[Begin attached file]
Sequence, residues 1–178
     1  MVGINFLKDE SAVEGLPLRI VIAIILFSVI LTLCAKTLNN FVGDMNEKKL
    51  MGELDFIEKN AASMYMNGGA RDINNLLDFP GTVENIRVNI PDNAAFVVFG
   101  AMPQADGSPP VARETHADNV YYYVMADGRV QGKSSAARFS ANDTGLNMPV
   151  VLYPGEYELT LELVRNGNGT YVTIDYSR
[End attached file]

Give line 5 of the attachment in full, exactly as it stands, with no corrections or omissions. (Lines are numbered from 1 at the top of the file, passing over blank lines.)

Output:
   151  VLYPGEYELT LELVRNGNGT YVTIDYSR